Furthermore, Ghazinour et al. (2014) noted that police officers’ strategies in forced repatriation work involves arguing that the children’s best interest is to be removed and returned to their families in their home countries. Dorling (2008) observed that professionals justify this stance by asserting that there is no risk of persecution for children returning to their home country. This approach is consistent with police officers’ executive role in this assignment, which requires them to be task oriented and follow government regulations.

The current study focuses on coping strategies among social workers and police officers in the context of the forced repatriation of unaccompanied asylum-seeking refugee children. Strategies are needed to support these professionals in managing stressors and coping effectively with their responsibilities in forced repatriation work.

1.3. Aim

Specifically, this study aims to describe and compare police officers’ and social workers’ coping strategies for forced repatriation work, controlling for sociodemographic characteristics and social support. The analysis was conducted separately among those with and without experience in forced repatriation work.

2. Methods

2.1. Setting

Prior to 2014, the Swedish Police Authority was organized into 21 county authorities. In 2015, this structure was modified and became a single National Police Authority. County authorities generally consist of an investigation and legal unit, a crime prevention unit, a service unit, and a border police unit. In the forced repatriation system, the border police unit is primarily responsible for collaborating with the Swedish Migration Board. The police have the authority to use force to execute a repatriation. Nevertheless, compulsory methods must always be proportionate and should be employed with respect for children’s dignity, basic human rights and physical integrity (Directive; SFS 1984:387; SFS 2005:716) . Police may travel by themselves or with a representative of the Swedish Prison and Probation Services when accompanying unaccompanied asylum-seeking refugee children to their home country or a transit country.

Each of the 290 municipalities in Sweden has its own social services, which are regulated by the Social Services Act (SFS 2001:453) . This legislation stipulates that individuals in need?including unaccompanied asylum-seeking refugee children?have the right to receive support as long as they are present in the municipality area. Municipality social services can be organized in different ways, but all the municipalities have statutory social workers responsible for unaccompanied asylum-seeking refugee children. Every child has his or her own social worker, who follows up with the child and maintains close contact with the Care Home and the child’s legal guardians. Social workers use the same methods to investigate unaccompanied asylum-seeking refugee children’s needs that they use for native Swedish children in the social welfare system: the Swedish version of the LACS?the Looking after Children System (Ghazinour et al., 2015; Nygren, Hyvönen, & Khoo, 2009) . This method is used in child social welfare as a care philosophy and working tool to ensure the psycho-social development of children in the care of child welfare agencies and to implement a child perspective in social welfare investigations. However, this tool was developed for children living in Sweden now and in the future. In the repatriation system, social workers are responsible for children’s needs and support until the children leave the country.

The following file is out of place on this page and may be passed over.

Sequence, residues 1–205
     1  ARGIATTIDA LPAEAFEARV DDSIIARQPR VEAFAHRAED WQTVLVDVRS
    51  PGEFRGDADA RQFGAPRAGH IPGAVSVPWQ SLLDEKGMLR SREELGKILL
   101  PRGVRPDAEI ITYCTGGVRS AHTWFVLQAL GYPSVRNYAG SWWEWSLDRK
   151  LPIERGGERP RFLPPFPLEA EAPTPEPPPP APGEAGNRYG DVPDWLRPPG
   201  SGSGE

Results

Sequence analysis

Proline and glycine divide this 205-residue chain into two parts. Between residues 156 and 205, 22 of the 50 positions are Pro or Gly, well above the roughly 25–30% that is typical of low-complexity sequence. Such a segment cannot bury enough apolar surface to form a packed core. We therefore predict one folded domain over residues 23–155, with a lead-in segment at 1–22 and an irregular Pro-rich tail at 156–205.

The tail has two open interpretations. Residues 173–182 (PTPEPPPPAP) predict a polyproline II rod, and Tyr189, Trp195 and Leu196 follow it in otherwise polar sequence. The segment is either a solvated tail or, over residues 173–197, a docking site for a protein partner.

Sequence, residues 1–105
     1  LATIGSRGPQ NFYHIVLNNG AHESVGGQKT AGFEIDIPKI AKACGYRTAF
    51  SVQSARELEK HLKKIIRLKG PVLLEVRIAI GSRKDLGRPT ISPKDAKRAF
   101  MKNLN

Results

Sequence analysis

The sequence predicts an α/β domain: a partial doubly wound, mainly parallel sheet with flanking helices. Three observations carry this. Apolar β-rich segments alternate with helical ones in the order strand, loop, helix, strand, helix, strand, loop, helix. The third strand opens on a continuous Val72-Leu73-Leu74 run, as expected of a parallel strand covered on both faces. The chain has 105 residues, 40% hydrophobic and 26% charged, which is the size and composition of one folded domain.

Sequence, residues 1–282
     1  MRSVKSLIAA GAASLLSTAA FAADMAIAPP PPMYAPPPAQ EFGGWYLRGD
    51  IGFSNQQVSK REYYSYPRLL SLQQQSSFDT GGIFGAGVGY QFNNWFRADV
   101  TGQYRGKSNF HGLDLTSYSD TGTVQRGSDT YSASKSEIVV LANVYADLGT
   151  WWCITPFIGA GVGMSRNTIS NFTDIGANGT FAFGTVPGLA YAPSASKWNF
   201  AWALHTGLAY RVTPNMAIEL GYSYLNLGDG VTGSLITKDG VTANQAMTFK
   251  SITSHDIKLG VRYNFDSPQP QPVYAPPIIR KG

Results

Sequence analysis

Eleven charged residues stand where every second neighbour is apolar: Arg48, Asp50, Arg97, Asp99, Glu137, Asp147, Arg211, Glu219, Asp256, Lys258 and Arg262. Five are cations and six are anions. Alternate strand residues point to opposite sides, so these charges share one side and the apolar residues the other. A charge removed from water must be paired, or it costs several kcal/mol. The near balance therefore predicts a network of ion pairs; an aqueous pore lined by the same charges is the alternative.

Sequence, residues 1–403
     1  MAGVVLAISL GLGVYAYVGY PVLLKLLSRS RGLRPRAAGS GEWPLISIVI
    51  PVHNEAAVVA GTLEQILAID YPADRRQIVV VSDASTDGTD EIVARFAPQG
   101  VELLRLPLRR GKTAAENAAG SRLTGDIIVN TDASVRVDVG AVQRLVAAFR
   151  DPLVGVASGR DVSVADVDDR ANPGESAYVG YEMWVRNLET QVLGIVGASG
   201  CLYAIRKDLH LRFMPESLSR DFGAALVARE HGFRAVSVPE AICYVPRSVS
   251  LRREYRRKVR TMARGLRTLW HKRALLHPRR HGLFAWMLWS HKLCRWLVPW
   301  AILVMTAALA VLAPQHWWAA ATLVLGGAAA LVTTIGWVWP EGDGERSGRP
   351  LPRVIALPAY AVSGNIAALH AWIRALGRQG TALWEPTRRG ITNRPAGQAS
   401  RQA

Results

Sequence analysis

2.2. Design, Sample and Data Collection

A cross-sectional design was used with a total of 1,094 participants: 714 police officers and 380 social workers. The study was conducted in the spring and autumn of 2014 and was based on two national self-administered surveys: one of police officers and one of social workers.

All 21 police authorities that existed in Sweden in 2014 were contacted to obtain permission to collect data from police officers, resulting in 18 participating authorities. Paper surveys were sent to all 18 human resource personnel units or squad leaders, who distributed them to individual police officers. A total of 714 police officers responded. The secrecy rules in the Swedish police organization required the use of this convenience sampling technique. A single item in the sociodemographic questionnaire divided the police officers into two groups: those with and those without experience working with the forced repatriation of unaccompanied asylum-seeking refugee children.

The inclusion criteria for social workers was all 265 of the 290 municipalities in Sweden that had an agreement with the Swedish Migration Board regarding the reception of unaccompanied asylum-seeking refugee children at the time of the study. Due to organizational factors at the municipality level, contact information from all 265 municipalities was obtained via e-mail. Initially, county administration boards were contacted for access to social workers’ e-mail addresses at the municipality level. Additional contact information for the social workers was collected by directly contacting the municipality via phone or e-mail. Thereafter, all the social workers were contacted and asked to complete a Web-based survey. The e-mail included an information letter about the purpose of the study and a link to the Web-based survey. The letter also informed the social workers about the voluntariness of the study. In total, 506 social workers with experience working with unaccompanied asylum-seeking refugee children received the Web-based questionnaire. After two reminder e-mails, 133 replied (26%). The other group of social workers consisted of 754 individuals who were responsible for similar tasks with other vulnerable children and/or families at the municipality level. Of these, 247 responded to the survey (33%).